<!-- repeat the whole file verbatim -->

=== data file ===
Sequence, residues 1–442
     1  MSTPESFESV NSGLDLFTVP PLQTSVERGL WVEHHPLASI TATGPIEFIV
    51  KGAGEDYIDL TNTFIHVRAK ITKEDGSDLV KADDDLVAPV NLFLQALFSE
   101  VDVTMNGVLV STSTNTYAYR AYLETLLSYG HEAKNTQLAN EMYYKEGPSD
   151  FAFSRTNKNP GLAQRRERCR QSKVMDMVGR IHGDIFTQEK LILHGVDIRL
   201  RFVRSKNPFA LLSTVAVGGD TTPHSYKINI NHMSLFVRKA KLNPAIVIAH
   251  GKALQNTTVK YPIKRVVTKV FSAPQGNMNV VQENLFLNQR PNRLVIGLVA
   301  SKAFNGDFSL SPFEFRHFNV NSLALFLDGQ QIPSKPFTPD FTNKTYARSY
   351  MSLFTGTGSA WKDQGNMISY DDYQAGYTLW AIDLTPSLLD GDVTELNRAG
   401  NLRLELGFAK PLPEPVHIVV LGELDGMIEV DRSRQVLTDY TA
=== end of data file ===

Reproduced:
Sequence, residues 1–442
     1  MSTPESFESV NSGLDLFTVP PLQTSVERGL WVEHHPLASI TATGPIEFIV
    51  KGAGEDYIDL TNTFIHVRAK ITKEDGSDLV KADDDLVAPV NLFLQALFSE
   101  VDVTMNGVLV STSTNTYAYR AYLETLLSYG HEAKNTQLAN EMYYKEGPSD
   151  FAFSRTNKNP GLAQRRERCR QSKVMDMVGR IHGDIFTQEK LILHGVDIRL
   201  RFVRSKNPFA LLSTVAVGGD TTPHSYKINI NHMSLFVRKA KLNPAIVIAH
   251  GKALQNTTVK YPIKRVVTKV FSAPQGNMNV VQENLFLNQR PNRLVIGLVA
   301  SKAFNGDFSL SPFEFRHFNV NSLALFLDGQ QIPSKPFTPD FTNKTYARSY
   351  MSLFTGTGSA WKDQGNMISY DDYQAGYTLW AIDLTPSLLD GDVTELNRAG
   401  NLRLELGFAK PLPEPVHIVV LGELDGMIEV DRSRQVLTDY TA